On the left, a deep fake of Tom Cruise in a white polo shirt on a green. On the left, the deep fake is in a blue Hawaiian shirt holding up a coin in his left hand.

Two stills from last week’s viral Tom Cruise deepfakes


More deepfakes are flying across the internet at an alarming rate, after fake videos of Tom Cruise went viral on TikTok.

The videos have sparked questions around the genre of video sweeping across the internet after it was confirmed to NOT be the Mission: Impossible star who was seen telling jokes, playing golf and performing magic tricks. Aside from the face, it captured his signature maniacal laugh.

But where did deepfakes come from and what might impact might they have? Here, we answer some of the most pressing questions around the genre.

Where does the term deepfake come from?

According to Insider, the word deepfake stems from the AI technology called “deep learning”, which is an algorithm that is able to teach itself how to grapple with data sets and swap faces in images. Deepfakes were first used in 2017.

Hollywood has employed them for actors who are no longer with us or the age they were in the original movie, for example in the latest Star Wars spin-off movies Solo and Rogue One, which featured Carrie Fisher and Peter Cushing. These movies were set during the same time as the 1970s originals so CGI was required for continuity.

How are they made?

There are many different methods to create a deepfake but the most popular is a technology that enables face-swapping. In order to make one, you need footage to insert of the target.

Read more: 5 Tom Cruise deepfakes that are almost too real

How are they used?

Their usage ranges from the mundane to the sinister, from cinema to political campaigns. Amateurs can play around with lighthearted deepfakes on the FaceApp by switching genders, ages and other attributes.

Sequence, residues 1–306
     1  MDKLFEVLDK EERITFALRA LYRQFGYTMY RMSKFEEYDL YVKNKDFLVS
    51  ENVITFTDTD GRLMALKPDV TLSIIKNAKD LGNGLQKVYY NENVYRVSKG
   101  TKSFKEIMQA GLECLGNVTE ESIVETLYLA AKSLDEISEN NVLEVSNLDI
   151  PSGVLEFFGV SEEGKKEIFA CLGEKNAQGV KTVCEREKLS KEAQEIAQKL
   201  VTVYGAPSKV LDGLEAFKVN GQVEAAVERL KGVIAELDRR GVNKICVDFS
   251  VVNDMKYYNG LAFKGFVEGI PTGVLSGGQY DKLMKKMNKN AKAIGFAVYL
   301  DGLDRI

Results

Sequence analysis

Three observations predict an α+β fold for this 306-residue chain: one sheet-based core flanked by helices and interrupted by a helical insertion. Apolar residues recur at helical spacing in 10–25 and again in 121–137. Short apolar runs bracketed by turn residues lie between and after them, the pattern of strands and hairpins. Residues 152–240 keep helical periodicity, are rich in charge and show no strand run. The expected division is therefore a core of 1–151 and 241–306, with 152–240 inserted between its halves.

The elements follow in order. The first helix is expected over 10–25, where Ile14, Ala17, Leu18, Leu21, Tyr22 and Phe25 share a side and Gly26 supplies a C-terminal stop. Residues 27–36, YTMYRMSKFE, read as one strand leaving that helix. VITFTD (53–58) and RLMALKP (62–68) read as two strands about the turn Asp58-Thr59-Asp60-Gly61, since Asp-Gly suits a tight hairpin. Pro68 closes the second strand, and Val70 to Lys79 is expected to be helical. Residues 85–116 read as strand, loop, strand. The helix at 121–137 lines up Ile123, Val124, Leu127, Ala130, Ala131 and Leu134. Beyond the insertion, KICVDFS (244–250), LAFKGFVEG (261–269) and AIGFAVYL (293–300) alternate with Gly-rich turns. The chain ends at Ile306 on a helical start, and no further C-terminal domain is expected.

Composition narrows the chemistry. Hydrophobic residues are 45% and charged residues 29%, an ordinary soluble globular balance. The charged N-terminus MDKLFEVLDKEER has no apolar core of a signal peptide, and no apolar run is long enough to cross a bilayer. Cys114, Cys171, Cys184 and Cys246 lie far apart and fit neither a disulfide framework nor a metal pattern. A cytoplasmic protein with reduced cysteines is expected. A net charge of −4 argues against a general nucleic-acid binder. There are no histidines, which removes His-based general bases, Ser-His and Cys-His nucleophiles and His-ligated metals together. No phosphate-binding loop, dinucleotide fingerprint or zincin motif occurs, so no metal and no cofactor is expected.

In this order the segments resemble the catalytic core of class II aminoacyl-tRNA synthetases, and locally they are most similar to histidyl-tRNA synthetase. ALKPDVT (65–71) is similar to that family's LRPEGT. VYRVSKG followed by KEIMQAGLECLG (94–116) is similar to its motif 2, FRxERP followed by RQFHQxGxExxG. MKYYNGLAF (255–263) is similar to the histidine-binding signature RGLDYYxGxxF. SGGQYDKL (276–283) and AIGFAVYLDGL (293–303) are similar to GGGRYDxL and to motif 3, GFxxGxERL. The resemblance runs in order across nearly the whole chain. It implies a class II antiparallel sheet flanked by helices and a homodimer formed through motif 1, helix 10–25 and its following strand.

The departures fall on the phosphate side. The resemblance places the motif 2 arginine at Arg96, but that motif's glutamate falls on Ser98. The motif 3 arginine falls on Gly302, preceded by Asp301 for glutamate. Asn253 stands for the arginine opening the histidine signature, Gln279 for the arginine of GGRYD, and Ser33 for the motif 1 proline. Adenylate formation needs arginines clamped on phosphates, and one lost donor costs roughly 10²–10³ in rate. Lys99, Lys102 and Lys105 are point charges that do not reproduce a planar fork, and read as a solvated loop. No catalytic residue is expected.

Why are they bad?

Deepfakes can be used for any number of unethical means from revenge porn, for example. Findings from a Deeptrace report showed that porn made up 96 per cent of deepfakes in 2019. The Times reported that Emma Watson, Gal Gadot and Ariana Grande are common faces to use on porn sites, raising questions about consent.

Kayne West used the technology in his music video for the song Famous depicting a whole host of famous faces in the nude, including Kim Kardashian, Donald Trump and Taylor Swift.

They can spread misinformation to mass audiences very quickly. Instances of this have been hurtling across the Internet since their reveal, such as this video of what appears to be Mark Zuckerberg, founder and CEO of Facebook.

He is made to look like he delivered an interview to news outlet CBS concerning Facebook’s decisions about declaring advertisement revenue, which did not happen.

Another video features a creepy depiction of “Prince Charles”, appearing to apologise for his treatment his ex-wife Princess Diana, who died in a car crash in Paris in 1997. The real Prince Charles faced backlash after the early days of their relationship was portrayed on season four of Netflix’s The Crown forcing him to restrict their social media accounts.

One of the most worrying was a deepfake created by the Donald Trump campaign in the lead up to the 2020 US election. His team created a video of what looks like Joe Biden declaring his support for the President. This video was debunked but not before it was spread widely.

More humorously, these deepfakes of President Barack Obama and model Kendall Jenner simply show them bopping along to a catchy banjo beat.

However innocent they may seem, the technology still highlights the scary potential of video manipulation technology, especially in an age of disinformation. Aside from trust issues, deepfakes can also be used in creating pornographic images without the subject’s consent.

What are the experts and social media platforms saying?

TikTok and Instagram have not altered nor edited the viral Tom Cruise videos as they did not violate their terms and conditions. However, some people in tech, like Rachel Tobac, have called for labels so viewers know that what they are looking at is not real.

Sandra Wachter, a professor in the ethics of AI at Oxford University’ told The Times, “If you have something out there that is potentially very harmful for individuals or groups or could be a national security threat, then you obviously need to interfere. But I would also be worried about losing sight of the nuanced approach because the Tom Cruise video is arguably satire and you don’t want to take down that sort of content when it’s free speech.”

Facebook’s Mark Zuckerberg has testified in Congress about Facebook’s failure to moderate disinformation and according to the Guardian, Facebook is the biggest source for COVID-19 misinformation.

What’s their future?

We do not know about the future of deepfakes however we can confidently conclude that they are not going to go away any time soon.

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